Tilting Axis Curatorial Fellow 2018

For the second year, Tilting Axis has facilitated, administered and designed an open call for our Curatorial Fellowship. In a strong partnership with the University of Texas at Austin Art Galleries at Black Studies we issued an open call to find and seek out a curator living and working in the Caribbean who would rise to the occasion to use the resources, collections and moment at hand to advance their practice in a nuanced and sensitive way. The jury panel comprising of Lise Ragbir, Joel Butler, Tobias Ostrander, Holly Bynoe, Annalee Davis, Eddie Chambers, Natalie Urquhart, Sara Herman and Mario Caro (9  in total) had the laborious task of deliberating an exceptionally strong pool of candidates from 7 countries.

The competition was stiff—reflecting the wealth of talent, and need for increased opportunities, for curators in the region. We are happy to announce that this year’s Tilting Axis 4 Curatorial Fellowship sponsored by and to take place at the University of Texas at Austin, has been awarded to—Natalie Willis, Assistant Curator at the National Gallery of The Bahamas.  At the University of Texas at Austin with access to collections of work by African American and Caribbean artists, Natalie hopes to look beyond nationalist dialogues and examine how shared history presents itself in different cultural phenotypes. As she says, “One root leads to many rhizomes and proliferations of blackness.”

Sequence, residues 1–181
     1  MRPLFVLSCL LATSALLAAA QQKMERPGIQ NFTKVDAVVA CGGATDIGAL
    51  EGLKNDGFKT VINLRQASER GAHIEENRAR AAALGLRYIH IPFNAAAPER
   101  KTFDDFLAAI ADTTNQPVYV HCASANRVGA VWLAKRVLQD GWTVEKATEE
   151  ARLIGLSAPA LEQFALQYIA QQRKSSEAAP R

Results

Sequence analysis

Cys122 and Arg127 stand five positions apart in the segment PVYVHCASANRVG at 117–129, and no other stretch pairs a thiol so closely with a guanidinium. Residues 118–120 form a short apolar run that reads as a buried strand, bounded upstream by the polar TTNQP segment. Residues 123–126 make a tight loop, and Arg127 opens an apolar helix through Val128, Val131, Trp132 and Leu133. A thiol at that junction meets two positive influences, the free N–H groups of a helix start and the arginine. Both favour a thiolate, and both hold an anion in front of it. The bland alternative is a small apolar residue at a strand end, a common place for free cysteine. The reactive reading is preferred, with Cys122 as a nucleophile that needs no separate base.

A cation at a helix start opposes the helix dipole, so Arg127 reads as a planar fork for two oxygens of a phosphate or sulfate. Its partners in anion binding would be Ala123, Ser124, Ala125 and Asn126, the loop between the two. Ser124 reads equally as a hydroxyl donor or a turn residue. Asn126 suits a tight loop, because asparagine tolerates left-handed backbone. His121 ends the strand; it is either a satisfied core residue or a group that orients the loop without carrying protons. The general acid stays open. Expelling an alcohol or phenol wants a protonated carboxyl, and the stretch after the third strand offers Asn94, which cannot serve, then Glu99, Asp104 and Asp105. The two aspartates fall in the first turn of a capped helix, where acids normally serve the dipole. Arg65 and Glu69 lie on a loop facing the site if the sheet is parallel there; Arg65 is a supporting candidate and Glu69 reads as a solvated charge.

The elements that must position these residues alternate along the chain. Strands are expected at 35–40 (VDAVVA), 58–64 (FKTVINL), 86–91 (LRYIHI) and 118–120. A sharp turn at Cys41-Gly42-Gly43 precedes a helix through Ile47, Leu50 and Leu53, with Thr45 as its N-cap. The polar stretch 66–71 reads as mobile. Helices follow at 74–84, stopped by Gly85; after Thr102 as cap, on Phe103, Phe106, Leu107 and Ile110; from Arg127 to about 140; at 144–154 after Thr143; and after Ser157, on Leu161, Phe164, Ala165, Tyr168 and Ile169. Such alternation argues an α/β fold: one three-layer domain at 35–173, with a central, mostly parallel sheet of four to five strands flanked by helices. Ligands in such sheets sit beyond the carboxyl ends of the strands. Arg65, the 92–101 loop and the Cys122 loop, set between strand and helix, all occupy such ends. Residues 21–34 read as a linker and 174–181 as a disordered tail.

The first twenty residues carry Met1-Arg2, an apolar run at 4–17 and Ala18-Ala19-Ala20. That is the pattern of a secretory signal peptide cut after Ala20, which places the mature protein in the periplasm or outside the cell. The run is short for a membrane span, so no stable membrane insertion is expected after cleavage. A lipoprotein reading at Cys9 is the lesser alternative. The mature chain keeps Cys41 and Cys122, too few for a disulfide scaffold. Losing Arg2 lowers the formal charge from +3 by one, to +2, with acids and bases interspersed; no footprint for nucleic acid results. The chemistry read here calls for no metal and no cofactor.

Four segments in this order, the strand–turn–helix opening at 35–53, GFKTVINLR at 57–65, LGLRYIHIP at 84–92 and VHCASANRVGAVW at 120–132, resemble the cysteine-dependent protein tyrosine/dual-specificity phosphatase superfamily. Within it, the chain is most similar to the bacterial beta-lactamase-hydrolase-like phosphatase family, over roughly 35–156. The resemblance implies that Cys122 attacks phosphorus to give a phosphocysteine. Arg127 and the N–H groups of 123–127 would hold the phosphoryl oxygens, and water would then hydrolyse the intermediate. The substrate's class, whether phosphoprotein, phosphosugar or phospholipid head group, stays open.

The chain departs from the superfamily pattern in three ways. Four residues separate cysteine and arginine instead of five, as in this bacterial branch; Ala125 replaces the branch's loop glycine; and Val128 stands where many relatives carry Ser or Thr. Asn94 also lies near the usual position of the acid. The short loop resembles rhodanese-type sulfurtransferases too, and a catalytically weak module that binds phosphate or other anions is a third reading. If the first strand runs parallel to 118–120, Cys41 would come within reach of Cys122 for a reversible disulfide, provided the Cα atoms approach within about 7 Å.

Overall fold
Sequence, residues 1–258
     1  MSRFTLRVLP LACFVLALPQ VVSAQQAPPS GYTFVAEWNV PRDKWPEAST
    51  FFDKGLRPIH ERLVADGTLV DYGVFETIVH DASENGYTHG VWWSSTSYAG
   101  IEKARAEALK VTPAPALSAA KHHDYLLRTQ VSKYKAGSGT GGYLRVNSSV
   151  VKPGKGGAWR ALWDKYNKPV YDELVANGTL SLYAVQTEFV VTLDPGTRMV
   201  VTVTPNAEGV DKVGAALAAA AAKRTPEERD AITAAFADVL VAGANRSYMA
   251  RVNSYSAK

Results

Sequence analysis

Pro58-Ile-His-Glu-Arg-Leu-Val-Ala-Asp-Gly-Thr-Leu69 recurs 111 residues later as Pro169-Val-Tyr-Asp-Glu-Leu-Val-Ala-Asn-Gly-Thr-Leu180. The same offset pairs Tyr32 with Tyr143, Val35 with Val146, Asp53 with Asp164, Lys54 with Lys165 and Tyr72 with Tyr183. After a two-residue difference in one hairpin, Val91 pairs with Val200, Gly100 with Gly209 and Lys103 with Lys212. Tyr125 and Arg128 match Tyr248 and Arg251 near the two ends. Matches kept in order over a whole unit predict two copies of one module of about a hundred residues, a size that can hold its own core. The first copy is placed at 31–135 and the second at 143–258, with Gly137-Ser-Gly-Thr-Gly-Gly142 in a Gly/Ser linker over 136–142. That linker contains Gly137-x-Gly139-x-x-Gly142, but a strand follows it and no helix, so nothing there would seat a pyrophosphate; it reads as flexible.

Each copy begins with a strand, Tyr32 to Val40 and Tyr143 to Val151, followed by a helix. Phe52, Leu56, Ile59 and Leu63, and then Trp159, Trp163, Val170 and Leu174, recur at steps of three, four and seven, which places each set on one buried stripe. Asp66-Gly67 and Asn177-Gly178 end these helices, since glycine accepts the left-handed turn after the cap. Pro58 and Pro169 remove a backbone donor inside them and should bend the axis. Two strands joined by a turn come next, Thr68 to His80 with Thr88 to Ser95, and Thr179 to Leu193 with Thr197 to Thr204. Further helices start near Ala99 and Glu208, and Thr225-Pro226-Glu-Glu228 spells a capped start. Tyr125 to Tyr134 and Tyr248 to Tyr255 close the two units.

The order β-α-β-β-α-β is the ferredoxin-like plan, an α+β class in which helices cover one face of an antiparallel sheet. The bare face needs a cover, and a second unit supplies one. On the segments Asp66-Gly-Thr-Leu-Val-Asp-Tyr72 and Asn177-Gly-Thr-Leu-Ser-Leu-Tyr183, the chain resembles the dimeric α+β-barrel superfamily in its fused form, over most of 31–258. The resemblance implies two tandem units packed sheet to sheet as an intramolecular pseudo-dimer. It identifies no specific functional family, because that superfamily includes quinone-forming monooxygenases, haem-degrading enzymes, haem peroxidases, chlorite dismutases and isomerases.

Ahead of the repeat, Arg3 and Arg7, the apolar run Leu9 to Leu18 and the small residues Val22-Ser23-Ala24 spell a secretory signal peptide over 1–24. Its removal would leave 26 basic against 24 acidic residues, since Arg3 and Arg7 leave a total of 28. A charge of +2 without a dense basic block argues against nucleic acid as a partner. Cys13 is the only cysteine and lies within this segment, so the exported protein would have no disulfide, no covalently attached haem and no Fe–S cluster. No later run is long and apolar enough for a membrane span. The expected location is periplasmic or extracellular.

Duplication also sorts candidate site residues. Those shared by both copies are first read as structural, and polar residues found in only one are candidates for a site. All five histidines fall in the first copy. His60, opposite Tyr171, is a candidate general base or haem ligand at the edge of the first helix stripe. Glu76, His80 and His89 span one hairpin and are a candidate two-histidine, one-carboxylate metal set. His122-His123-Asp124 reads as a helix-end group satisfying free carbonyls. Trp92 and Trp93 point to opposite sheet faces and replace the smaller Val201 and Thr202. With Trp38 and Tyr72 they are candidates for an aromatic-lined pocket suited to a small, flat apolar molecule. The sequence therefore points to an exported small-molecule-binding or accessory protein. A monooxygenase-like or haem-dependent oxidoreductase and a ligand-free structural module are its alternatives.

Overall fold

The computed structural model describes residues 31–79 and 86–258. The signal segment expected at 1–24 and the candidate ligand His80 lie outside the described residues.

About Natalie:

Natalie Willis is a British-Bahamian curator and cultural worker. Born and raised in The Bahamas, she received her BA (Hons) and MA in Fine Art at York St John University in the UK. Willis is currently working as an Assistant Curator at National Art Gallery of The Bahamas with a concerted focus on writing aimed at decolonising and decentralising the art archive, and adding to the literature on Bahamian and Caribbean visual culture and developing her burgeoning curating practice. Somewhere in a parallel universe, she still makes artwork.

As an emerging curator desperately trying to not contribute to the brain-drain of the Caribbean, she has dedicated her time at the NAGB to focusing on knowledge building and access through text and speaking to the way the colonial tourism of the late 1800s shaped the cultural and physical landscape of the Anglo-Caribbean.

Willis has been an invited speaker at the Caribbean Studies Association  Conference (2017), the Museums Association of the Caribbean Annual Conference (2016). Most recently, she took part in the Goldsmiths + British School at Rome Summer Intensive Course, themed “Curating the Contemporary”, in Rome in 2017.

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